Obama’s health-care speech on Saturday actually got slightly better placement. It landed on page A35 under a similar headline, “Thousands Rally in Minnesota Behind Obama’s Call for Health Care Overhaul,” although the attendance at the Target Center in Minneapolis was reliably estimated at around 15,000, making it at least four times smaller than the D.C. rally. Obama and his fans also got more positive coverage from reporter Sheryl Gay Stolberg:

Thousands of roaring supporters turned out Saturday to rally behind President Obama’s call to overhaul the nation’s health care system, packing a basketball arena here as Mr. Obama warned that nearly half of all Americans under 65 could lose their insurance at some point during the next decade….On a day when demonstrators crammed onto the west lawn of the Capitol to protest what they regard as Mr. Obama’s brand of big government, including his health plan, the images of screaming, cheering Obama supporters here provided a welcome visual counterpoint for the White House. The White House estimated that 15,000 people attended the rally here; the applause was thunderous when the president bounded onto the stage, shirtsleeves rolled up, as he revived an old campaign rallying cry: “Are you fired up?”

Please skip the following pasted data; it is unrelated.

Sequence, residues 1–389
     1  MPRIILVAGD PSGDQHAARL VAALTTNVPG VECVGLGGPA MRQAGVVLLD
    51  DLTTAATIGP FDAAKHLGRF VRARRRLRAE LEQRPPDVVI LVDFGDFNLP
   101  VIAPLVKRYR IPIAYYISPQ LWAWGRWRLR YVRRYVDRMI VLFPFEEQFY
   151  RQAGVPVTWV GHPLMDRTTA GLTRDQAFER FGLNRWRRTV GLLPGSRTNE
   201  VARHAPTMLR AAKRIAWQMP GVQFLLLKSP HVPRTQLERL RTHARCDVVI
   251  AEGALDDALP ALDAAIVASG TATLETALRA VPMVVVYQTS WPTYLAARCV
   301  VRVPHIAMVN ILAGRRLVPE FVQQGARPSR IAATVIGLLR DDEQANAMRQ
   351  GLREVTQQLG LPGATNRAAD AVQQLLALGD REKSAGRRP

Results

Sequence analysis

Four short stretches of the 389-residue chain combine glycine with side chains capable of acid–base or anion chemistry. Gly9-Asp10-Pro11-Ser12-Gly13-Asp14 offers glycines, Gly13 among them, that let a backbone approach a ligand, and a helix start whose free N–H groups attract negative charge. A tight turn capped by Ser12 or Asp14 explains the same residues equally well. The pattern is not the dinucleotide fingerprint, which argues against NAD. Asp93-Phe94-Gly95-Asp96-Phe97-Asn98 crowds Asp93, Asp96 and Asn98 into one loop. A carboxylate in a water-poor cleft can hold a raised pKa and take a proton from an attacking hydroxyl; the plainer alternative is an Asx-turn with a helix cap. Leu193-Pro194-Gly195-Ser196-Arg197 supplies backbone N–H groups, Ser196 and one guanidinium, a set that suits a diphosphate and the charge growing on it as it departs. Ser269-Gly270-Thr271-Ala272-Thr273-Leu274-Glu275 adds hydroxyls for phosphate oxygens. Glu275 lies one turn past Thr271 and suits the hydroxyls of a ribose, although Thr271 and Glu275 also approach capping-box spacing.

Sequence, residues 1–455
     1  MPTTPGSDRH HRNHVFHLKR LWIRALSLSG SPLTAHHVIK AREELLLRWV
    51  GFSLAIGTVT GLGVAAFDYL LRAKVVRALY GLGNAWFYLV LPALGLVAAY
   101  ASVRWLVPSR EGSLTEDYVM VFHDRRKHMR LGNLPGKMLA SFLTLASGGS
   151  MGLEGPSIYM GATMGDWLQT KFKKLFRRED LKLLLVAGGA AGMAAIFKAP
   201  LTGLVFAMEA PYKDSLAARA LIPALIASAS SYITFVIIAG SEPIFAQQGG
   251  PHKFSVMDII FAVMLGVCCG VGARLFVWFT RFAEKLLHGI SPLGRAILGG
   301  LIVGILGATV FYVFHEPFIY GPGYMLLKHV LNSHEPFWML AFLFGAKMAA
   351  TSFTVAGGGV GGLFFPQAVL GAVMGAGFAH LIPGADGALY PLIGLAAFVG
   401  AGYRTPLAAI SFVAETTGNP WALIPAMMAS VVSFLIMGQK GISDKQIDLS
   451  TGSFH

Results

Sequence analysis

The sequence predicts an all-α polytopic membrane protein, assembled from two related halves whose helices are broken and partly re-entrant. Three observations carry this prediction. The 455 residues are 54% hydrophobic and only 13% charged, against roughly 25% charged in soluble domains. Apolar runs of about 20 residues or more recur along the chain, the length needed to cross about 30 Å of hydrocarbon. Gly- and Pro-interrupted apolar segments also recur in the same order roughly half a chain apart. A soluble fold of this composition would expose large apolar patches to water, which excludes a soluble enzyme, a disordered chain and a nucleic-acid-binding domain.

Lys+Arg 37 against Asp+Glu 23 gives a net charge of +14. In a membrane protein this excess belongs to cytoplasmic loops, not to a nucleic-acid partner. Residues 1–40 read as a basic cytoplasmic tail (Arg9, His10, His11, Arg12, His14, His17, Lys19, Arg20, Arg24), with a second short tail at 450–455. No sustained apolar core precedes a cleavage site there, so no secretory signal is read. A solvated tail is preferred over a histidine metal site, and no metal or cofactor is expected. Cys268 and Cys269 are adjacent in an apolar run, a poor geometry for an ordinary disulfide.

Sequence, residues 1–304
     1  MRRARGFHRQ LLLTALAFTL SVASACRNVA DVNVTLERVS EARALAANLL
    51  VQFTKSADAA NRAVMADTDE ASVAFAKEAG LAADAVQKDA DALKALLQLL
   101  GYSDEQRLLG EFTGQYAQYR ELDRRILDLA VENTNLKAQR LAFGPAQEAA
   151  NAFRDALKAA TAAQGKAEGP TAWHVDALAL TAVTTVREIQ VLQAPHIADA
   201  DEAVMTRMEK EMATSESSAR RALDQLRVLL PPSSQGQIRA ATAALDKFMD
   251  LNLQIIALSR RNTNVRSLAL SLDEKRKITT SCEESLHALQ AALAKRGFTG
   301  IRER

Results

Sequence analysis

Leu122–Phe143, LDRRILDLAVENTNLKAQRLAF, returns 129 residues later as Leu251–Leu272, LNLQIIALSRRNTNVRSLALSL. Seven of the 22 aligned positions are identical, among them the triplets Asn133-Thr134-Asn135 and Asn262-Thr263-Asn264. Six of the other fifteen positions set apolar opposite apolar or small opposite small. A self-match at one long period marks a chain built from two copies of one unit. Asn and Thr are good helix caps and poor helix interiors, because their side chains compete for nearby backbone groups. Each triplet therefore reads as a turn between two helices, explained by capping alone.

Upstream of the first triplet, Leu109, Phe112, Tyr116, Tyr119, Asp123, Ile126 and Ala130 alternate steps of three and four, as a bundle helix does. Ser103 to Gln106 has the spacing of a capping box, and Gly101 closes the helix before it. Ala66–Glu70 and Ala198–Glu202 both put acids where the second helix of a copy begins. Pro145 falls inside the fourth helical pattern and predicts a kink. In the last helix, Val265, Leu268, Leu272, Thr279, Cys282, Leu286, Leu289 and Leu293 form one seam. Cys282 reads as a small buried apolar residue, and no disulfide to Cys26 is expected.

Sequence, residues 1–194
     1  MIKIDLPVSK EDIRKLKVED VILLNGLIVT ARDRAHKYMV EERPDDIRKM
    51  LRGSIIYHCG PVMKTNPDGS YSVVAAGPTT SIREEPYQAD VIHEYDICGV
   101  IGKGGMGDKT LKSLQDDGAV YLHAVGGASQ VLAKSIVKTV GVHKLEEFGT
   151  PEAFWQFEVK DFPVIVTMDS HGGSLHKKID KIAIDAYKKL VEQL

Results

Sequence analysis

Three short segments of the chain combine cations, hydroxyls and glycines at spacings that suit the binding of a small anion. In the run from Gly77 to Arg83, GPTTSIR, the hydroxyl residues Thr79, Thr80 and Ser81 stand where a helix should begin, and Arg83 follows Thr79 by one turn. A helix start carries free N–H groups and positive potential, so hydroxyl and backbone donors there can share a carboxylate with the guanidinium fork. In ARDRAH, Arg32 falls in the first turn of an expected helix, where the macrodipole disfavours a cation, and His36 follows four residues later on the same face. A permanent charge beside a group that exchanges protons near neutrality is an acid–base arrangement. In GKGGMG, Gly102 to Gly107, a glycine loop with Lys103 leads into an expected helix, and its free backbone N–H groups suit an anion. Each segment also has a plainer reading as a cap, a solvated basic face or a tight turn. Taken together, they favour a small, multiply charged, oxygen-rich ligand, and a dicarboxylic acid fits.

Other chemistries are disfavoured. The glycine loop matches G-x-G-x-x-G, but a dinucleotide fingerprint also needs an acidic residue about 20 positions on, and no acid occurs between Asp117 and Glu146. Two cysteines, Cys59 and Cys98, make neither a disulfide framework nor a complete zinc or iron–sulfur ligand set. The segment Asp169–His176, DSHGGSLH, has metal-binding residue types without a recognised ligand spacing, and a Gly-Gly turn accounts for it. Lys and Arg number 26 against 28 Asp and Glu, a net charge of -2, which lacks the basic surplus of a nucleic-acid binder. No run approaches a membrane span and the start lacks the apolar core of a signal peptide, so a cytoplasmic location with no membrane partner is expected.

In fact, the Times’ coverage of the huge anti-government rally in the nation’s capital was on the same level as the coverage of an ACORN-organized left-wing “bus tour” of homes of American International Group executives back in March, a piece of Astroturf so blatant even the Times admitted the media outnumbered the protesters. Yet while 40 left-wing protesters in Connecticut were worth a 724-word Times story back in March, an estimated 70,000 anti-Obama protesters in D.C. garnered a 932-word story on Saturday. A slight anomaly?

There was nothing on the Times’ “Caucus” blog from the actual march, although the blog did preview it Saturday morning with a pessimistic estimate of the crowd size (“as many as 30,000 demonstrators are expected”), in a post marked with suspicion of the protest’s origin and motives. That post also granted top billing to Obama’s speech.

Another telling contrast: The coverage of Saturday’s march (and the previous Tea Party protests) with the fawning coverage of the pro-illegal immigration protests of 2006, when amnesty for illegals was on the agenda. The Times didn’t find much “vitriol” at the massive rallies in support of illegal immigration. Here’s Robert McFadden in the April 10, 2006 Times, describing the largest of the nationwide rallies in Dallas:

The Dallas protesters were young and old. Some were families pushing baby strollers. Some walked with canes, others rolled along in wheelchairs. There were members of unions, churches, civil rights organizations and business groups, but many were strangers to one another. Some spoke passionately about their desire to be Americans, to vote and to hold a job without fea